The phone company is being held accountable for suspending over one dozen employees after they reported work-related injuries.
13 employees are represented in the suit for their injuries that occurred between 2011 and 2013.
The complaint alleges that in 13 separate incidents the employees were disciplined and given one to three day unpaid suspensions for reporting on-the-job injuries.
The employees represented are from Cleveland, Akron, Canton, Gallipolis, Uhrichsville, Columbus, and Brooklyn Heights.
The suit alleges the company violated the whistleblower provisions of the Occupational Safety and Health Act of 1970.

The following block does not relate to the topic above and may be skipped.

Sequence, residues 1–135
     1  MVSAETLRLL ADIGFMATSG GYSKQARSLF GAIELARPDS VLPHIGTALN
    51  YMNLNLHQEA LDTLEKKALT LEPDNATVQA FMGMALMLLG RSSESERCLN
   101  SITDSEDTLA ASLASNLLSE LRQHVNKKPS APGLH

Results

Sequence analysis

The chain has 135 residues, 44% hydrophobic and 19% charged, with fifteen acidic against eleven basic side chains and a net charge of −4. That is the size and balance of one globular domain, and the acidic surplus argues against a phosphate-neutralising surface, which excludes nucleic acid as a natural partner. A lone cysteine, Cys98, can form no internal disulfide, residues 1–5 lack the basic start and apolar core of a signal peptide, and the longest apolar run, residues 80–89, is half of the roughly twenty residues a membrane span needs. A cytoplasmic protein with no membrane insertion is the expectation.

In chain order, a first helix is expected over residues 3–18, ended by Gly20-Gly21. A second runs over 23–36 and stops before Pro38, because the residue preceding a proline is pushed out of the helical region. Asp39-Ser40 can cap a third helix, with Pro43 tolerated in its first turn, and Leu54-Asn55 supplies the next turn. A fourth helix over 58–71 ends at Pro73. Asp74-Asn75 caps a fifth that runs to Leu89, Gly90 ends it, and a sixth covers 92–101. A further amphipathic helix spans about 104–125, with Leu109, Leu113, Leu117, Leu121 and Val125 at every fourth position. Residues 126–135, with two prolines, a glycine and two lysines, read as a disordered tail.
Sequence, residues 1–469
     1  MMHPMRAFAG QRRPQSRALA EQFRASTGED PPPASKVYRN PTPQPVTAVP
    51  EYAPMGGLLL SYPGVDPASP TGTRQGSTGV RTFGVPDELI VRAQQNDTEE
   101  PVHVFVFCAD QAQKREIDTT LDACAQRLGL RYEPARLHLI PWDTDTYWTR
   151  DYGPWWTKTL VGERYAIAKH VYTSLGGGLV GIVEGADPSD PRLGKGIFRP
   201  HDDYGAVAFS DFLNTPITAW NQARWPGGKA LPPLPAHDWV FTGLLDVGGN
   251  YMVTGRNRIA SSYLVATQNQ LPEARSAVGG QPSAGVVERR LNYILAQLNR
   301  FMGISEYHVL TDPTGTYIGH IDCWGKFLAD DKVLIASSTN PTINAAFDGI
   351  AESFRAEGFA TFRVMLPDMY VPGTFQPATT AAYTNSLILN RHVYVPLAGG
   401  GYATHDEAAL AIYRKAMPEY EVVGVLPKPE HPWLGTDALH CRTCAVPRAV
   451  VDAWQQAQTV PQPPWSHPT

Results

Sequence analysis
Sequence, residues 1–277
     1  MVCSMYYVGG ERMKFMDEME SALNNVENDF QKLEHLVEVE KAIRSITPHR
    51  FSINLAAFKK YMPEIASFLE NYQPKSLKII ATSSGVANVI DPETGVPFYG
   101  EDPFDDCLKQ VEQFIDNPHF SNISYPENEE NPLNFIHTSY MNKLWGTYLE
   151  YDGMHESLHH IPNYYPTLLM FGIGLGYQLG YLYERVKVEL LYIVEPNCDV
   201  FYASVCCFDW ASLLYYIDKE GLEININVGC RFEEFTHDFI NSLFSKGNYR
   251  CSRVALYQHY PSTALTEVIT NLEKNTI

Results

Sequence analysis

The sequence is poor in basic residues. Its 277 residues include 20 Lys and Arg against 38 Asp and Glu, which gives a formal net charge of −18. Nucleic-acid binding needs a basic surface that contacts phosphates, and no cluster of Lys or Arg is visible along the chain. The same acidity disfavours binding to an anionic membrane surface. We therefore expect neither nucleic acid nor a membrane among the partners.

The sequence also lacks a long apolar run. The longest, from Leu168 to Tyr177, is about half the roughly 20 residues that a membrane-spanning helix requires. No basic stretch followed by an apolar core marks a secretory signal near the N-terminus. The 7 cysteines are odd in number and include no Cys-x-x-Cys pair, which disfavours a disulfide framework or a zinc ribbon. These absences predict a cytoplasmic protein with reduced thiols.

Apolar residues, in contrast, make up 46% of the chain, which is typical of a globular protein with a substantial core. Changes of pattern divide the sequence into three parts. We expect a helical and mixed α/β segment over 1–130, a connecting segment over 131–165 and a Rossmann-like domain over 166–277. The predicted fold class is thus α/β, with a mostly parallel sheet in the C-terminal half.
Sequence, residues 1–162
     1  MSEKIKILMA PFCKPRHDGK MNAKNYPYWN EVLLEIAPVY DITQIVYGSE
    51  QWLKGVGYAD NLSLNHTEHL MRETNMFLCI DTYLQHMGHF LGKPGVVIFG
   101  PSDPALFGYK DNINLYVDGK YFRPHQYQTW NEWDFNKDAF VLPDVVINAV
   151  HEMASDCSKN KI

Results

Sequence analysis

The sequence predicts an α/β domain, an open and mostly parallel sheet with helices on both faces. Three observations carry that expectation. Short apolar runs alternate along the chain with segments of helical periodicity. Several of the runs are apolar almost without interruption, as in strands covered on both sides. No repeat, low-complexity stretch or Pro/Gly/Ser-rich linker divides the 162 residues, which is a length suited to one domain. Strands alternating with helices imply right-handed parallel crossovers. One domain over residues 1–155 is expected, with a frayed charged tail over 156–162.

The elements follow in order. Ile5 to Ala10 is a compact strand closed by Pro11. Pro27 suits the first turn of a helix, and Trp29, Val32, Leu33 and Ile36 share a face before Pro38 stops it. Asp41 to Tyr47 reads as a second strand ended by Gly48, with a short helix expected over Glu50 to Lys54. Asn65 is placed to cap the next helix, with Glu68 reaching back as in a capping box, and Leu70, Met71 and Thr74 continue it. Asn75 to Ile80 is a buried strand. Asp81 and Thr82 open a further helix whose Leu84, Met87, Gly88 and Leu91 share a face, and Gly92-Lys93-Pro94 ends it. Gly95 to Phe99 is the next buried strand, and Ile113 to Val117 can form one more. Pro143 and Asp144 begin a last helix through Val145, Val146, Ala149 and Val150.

"It is against the law for employers to discipline or suspend employees for reporting injuries," said Dr. David Michaels, assistant secretary of labor for occupational safety and health. "AT&T must understand that by discouraging workers from reporting injuries, it increases the likelihood of more workers being injured in the future, and the Labor Department will do everything in its power to prevent this type of retaliation."
The company defended itself by alleging that each employee violated a corporate workplace safety standard; however, the Occupational Safety and Health Administration's investigation found that the suspensions were a result of workers reporting their injuries.
The department's Regional Office of the Solicitor in Cleveland is litigating the case.
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